So they know how to do this. They've been at it a long time. It's one of the reasons I think why you see them right now.
Frankly, they're not as disturbed as many Americans are by how uncertain things feel in Washington because they've seen a lot of political stunts in their lives. And what they're encountering now from the outgoing president is a stunt like no other.
O'DONNELL: If you asked me to bet a year ago on who Joe Biden would choose as a White House chief of staff, it would have been Ron Klain. I would have made the safe bet. And it seems like Joe Biden has made both the safe bet and the smart bet.
OSNOS: Yes. You know, I've been fortunate to be talking to Ron Klain for my understanding of this campaign going back a long time. And one of the reasons why Joe Biden relies on him is because Ron Klain tells him what he actually thinks. Not even if it sounds all that great to Joe Biden in that moment.
One of the things you get out of Ron Klain, of course, is obviously very specific experience in dealing with the ebola epidemic. And I think in some ways it's worth pointing out that part of the reason why Americans sometimes forget the ebola period is precisely because it was not a catastrophe in America.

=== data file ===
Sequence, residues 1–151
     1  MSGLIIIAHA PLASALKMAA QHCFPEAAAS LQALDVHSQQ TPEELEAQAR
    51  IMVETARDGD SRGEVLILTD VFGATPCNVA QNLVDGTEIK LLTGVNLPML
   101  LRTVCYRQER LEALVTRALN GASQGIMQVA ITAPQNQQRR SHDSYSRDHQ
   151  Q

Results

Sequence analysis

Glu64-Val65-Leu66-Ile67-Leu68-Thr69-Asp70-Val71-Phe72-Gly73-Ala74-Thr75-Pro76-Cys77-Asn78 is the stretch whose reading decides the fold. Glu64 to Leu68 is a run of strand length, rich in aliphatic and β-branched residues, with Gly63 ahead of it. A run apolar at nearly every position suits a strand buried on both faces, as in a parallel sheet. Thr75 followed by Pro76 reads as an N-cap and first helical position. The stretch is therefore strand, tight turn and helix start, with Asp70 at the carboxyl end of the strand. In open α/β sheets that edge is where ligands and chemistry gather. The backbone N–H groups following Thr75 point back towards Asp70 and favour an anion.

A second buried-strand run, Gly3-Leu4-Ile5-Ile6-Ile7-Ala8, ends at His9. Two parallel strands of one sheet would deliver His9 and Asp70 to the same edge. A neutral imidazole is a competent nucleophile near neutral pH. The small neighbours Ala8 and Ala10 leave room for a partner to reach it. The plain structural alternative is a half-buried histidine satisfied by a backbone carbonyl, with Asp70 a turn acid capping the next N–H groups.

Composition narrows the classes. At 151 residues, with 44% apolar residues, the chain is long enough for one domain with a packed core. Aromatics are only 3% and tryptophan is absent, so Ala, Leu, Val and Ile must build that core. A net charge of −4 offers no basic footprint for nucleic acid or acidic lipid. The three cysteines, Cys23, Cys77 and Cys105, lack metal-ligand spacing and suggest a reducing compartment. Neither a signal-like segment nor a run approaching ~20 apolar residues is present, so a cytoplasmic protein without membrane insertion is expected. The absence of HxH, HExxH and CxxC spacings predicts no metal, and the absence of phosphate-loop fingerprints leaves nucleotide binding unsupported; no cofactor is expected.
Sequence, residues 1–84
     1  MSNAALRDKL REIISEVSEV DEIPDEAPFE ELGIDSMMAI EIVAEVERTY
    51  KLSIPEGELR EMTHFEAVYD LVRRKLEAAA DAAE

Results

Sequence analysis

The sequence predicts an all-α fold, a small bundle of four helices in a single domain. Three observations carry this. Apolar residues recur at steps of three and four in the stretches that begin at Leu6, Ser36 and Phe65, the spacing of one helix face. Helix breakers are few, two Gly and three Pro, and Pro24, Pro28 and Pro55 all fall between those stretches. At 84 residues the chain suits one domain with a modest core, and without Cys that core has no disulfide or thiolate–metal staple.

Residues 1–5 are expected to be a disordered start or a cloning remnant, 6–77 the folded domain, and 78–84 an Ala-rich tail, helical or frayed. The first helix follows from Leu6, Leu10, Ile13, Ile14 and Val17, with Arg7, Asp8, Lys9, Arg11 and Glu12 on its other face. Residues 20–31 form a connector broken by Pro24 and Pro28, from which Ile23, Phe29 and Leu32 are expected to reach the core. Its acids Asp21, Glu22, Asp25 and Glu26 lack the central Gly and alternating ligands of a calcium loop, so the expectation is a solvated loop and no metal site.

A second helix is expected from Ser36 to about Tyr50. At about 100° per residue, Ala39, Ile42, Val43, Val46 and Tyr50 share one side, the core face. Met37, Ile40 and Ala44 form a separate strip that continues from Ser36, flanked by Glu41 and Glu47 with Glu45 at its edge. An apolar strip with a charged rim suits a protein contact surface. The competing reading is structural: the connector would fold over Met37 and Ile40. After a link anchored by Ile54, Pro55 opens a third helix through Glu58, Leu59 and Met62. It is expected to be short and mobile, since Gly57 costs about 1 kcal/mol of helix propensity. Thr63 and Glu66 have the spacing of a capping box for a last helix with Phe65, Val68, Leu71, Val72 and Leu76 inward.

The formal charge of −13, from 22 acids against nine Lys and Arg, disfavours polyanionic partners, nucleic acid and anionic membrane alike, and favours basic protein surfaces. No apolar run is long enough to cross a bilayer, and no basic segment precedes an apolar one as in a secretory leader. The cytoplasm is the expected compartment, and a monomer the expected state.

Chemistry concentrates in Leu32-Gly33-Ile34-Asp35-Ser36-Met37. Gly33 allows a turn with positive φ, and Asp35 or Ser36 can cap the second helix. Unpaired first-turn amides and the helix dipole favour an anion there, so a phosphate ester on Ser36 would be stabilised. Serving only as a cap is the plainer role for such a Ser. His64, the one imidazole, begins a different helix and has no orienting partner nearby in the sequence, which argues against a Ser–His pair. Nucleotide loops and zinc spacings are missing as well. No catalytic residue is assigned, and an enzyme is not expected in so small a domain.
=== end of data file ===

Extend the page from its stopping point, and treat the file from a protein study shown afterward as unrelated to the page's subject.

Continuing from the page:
And just to juxtapose that against the outgoing chief of staff in this White House who has said to us until recently that the United States in his words is not going to be able to control this epidemic. It's just a completely different mindset.
I will say one other thing. Ron Klain mentioned to me at one point that strategically Joe Biden made a choice in this campaign during the primary, that every time he was up on that debate stage and he's getting beat up by some of his opponents, he could have thrust the knife, you know. He could have gone after them.